3

Table

Change the provisioning mode for the table from Provisioned to On Demand or vice-versa.

Can be changed only once per day.

Region

Maximum number of tables.

30

Table

Maximum number columns.

50

Table

Maximum number of table schema updates.

100

Table

Maximum number of indexes.

5

Table

Maximum number of changes for throughput and storage limits.

Oracle allows:

  • Unlimited number of throughput and storage increases per day

  • Up to four throughput or storage decreases per 24-hour period.

Index Names Maximum number of characters, allowed characters, and initial character.

Index names can have a maximum of 64 characters. All names must begin with a letter (a–z, A–Z). Subsequent characters can be letters (a–z, A–Z), digits (0–9), or underscore.

Request

Maximum number of individual operations per WriteMultiple request.

50

Request

Maximum data size for WriteMultiple request.

25 MB

Field Names Maximum number of characters, allowed characters, and initial character. Field names can have a maximum of 64 characters. All names must begin with a letter (a–z, A–Z). Subsequent characters can be letters (a–z, A–Z), digits (0–9), or underscore.

Field

Maximum index key size.

64 bytes

Field

Maximum primary key size.

64 bytes

Row

Maximum row size.

512 KB

Query

Maximum query string length.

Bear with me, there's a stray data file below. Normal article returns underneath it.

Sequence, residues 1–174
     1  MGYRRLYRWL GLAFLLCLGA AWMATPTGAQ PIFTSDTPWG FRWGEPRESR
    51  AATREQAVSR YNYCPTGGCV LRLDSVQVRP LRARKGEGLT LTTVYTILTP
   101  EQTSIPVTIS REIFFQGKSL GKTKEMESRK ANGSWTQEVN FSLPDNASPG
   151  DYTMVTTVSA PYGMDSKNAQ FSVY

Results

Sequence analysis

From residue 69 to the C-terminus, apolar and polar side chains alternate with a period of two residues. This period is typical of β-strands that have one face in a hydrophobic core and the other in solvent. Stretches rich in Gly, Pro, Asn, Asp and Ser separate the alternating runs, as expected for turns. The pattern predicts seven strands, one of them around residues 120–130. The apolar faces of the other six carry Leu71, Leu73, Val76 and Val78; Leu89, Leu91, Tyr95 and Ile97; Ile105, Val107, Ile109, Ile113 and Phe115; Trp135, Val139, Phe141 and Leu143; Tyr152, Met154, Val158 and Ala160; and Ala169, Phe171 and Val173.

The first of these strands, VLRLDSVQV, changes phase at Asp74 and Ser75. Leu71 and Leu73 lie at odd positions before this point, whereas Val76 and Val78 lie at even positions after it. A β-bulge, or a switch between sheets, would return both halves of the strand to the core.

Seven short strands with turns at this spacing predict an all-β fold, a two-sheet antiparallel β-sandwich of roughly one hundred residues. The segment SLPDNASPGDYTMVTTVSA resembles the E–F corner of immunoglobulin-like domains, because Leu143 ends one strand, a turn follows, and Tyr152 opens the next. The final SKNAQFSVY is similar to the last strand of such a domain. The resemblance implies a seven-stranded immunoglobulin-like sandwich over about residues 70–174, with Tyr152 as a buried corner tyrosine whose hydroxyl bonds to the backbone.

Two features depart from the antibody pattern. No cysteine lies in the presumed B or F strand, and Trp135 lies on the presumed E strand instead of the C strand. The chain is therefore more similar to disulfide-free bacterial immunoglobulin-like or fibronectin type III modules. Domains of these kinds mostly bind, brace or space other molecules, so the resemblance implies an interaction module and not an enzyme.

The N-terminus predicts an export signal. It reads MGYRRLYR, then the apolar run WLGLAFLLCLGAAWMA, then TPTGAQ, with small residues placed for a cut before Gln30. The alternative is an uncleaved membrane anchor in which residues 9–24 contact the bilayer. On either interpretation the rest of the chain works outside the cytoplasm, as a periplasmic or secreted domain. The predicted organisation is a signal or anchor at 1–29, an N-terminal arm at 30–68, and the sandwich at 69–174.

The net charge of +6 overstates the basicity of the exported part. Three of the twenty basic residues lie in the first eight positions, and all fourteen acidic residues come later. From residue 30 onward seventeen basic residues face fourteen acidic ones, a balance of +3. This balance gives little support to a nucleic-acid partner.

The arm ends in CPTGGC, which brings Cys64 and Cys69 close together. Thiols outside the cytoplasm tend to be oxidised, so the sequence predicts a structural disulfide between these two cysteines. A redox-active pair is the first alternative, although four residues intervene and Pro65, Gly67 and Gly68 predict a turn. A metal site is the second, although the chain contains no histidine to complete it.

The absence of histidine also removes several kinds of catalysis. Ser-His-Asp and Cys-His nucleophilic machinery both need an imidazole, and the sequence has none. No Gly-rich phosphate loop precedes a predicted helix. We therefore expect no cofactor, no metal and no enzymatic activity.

10 KB

Region

Maximum supported rate of DDL operations.

4 per minute

Region

Maximum values for throughput and data storage resources.

Per region, Oracle allows:

  • A maximum of 100,000 read units

  • A maximum of 40,000 write units

Oracle allows a maximum storage size of 5-TB per-tenant. The region can have a single table with storage size of 5 TB, in which case the region is not able to create another table. Or have multiple tables and ensure that the data within all these tables is within the maximum storage size of 5 TB.

Estimating Capacity

Learn how to estimate throughput and storage capacities for your Oracle NoSQL Database Cloud Service.

Basics Behind the Calculation

Before you learn how to estimate throughput and storage for the service, let's review the throughput and storage unit definitions.

  • Write Unit (WU): One Write Unit is defined as throughput for up to 1 kilobyte (KB) of data per second. A write operation is any Oracle NoSQL Database Cloud Service API call that results in insertion, update, or deletion of a record. A NoSQL table has a write limit value which specifies the number of write units that may be used each second. Index updates also consume write units.

    For example, a record size of less than 1 KB requires one WU for a write operation. A record size of 1.5 KB requires two WUs for the write operation.